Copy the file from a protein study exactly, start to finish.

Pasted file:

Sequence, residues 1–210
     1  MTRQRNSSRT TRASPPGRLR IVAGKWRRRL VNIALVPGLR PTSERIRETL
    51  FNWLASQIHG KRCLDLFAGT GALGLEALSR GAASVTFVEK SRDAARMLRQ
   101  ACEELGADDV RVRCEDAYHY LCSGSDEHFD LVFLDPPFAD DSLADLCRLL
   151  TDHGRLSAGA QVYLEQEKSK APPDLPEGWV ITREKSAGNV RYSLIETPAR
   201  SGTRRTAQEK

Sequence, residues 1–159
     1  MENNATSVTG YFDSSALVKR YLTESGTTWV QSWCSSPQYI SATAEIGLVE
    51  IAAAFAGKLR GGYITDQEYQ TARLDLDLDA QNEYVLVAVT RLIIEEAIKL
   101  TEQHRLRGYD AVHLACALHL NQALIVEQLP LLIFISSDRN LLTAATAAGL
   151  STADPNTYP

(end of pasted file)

Sequence, residues 1–210
     1  MTRQRNSSRT TRASPPGRLR IVAGKWRRRL VNIALVPGLR PTSERIRETL
    51  FNWLASQIHG KRCLDLFAGT GALGLEALSR GAASVTFVEK SRDAARMLRQ
   101  ACEELGADDV RVRCEDAYHY LCSGSDEHFD LVFLDPPFAD DSLADLCRLL
   151  TDHGRLSAGA QVYLEQEKSK APPDLPEGWV ITREKSAGNV RYSLIETPAR
   201  SGTRRTAQEK

Sequence, residues 1–159
     1  MENNATSVTG YFDSSALVKR YLTESGTTWV QSWCSSPQYI SATAEIGLVE
    51  IAAAFAGKLR GGYITDQEYQ TARLDLDLDA QNEYVLVAVT RLIIEEAIKL
   101  TEQHRLRGYD AVHLACALHL NQALIVEQLP LLIFISSDRN LLTAATAAGL
   151  STADPNTYP